In an earlier post we noted that Suthep Thaugsuban’s return to political activism had caused some concern amongst the military dictatorship. Indeed, some have warned him and his anti-democrats to remain politically quiet.
However, despite the fact that the military dictatorship bans political opponents from meeting, it allowed the anti-democrat cabal-cum-“foundation” to meet and hold a press conference.
The double standards were made clear when puppet member of the National Reform Council and long-time Thaksin Shinawatra opponent Paiboon Nititawan supporting Suthep, stating it is “Suthep’s right… to express his opinion…”. Of course, he would not say that for his opponents.
That press conference, led by Suthep, resulted in a declaration that they wanted the military dictatorship to “accomplish its reform goals before elections are held, no matter how long the process takes.”
NRC secretary-general Alongkorn Ponlaboot also supported Suthep and reckoned that some “reform” could be “done quickly, and some may be take many years, such as reforms about corruption.” He added that “reforms of all aspects should not take more than four years, because it’s a mission for this government and the next government.” It remains unclear if the “next government” would be an elected government.
Some in the junta will probably agree with Suthep yet they also drew a response, with the usually rather quiet General Anupong Paojinda mumbling that the junta’s “roadmap” is still in place with an election probably/maybe/anybody’s guess sometime late in 2016.
Update: Thanks to a report at The Nation, the support for Suthep and his “foundation” within the military regime is much clearer. That report is about Suthep’s announcement that the failed former foreign minister and yellow shirt activist Kasit Piromya is to act as a “foreign-affairs representative of the People’s Democratic Reform Foundation with the goal of forging a mutual understanding between Thailand and the international community.”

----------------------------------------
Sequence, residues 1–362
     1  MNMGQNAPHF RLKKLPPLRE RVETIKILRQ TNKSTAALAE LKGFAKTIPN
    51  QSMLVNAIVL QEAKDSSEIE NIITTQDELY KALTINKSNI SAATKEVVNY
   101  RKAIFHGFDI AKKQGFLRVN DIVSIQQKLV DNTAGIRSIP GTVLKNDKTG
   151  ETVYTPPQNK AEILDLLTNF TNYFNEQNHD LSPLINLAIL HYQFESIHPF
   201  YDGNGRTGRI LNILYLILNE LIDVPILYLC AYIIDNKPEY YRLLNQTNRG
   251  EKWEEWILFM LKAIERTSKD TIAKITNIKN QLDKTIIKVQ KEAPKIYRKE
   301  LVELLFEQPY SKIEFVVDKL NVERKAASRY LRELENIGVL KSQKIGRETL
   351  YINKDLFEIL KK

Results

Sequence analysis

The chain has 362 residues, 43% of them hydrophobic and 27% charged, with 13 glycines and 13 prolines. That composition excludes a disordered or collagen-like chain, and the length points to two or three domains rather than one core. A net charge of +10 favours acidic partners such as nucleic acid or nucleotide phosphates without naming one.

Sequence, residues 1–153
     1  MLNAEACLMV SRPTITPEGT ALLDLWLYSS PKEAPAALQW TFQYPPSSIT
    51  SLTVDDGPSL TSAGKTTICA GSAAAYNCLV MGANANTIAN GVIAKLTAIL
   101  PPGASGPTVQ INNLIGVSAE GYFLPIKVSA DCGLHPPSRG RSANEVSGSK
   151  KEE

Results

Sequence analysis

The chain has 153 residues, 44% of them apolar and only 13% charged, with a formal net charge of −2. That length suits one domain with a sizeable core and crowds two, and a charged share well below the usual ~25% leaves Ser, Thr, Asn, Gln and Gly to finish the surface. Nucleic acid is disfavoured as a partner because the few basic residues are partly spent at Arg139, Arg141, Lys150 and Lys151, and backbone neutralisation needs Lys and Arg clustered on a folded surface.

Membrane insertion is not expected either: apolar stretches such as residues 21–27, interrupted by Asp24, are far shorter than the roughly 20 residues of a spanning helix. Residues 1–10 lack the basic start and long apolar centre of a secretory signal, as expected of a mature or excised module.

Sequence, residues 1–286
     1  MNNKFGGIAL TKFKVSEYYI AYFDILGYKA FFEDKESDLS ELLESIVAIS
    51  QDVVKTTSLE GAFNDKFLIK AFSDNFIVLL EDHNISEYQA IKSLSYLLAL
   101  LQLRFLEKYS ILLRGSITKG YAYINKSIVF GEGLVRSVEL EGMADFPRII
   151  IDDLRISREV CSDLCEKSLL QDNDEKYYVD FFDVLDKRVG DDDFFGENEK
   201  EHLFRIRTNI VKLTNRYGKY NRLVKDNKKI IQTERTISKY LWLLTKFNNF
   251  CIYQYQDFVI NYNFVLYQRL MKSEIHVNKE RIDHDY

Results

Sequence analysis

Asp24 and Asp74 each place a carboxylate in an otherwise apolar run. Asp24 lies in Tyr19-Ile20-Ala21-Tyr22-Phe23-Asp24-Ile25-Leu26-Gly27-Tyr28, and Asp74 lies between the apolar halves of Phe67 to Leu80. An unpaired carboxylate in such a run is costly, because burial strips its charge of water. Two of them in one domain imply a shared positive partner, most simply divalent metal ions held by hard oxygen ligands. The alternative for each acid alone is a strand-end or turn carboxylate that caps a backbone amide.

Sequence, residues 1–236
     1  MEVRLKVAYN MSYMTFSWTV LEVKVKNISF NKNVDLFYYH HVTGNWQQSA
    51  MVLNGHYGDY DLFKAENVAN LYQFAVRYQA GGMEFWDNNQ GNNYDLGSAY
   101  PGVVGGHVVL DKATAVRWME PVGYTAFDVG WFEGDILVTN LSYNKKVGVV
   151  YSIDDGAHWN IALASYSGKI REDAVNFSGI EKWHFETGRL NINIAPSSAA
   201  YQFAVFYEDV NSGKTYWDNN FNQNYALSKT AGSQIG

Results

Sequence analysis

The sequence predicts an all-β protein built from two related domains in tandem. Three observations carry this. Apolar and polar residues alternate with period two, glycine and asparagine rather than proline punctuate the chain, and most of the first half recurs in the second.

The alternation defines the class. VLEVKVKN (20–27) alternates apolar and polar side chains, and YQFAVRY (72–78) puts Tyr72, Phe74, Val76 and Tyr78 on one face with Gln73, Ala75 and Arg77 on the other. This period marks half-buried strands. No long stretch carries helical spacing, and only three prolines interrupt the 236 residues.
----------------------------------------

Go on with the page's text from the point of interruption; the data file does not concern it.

Kasit was a failure in this role when foreign minister under the Abhisit Vejjajiva regime so there is no likelihood that he will be more successful for a bunch of anti-democrats. Yet it is the comments from Panitan Wattanayagorn that are most revealing.
Panitan, routinely described as an “international-relations academic from Chulalongkorn University” when he has no identifiable impact as an academic, is really a stooge for the military, acting as “a key adviser to Defence Minister Prawit Wongsuwan.”
When Panitan says that “Kasit would likely act in favour of national interests and not for any particular group, including the current military-led government” he is stating the military junta’s position. His view on the anti-democrat’s “foundation” is the junta’s position: “It’s not unusual for a non-political, pro-society foundation to help build a better understanding towards Thailand for outsiders.”
Of course, Panitan’s claims are lies and spin, but they are also an accurate reflection of the alliance that exists, and has long existed, between the anti-democrats and the royalist military clique.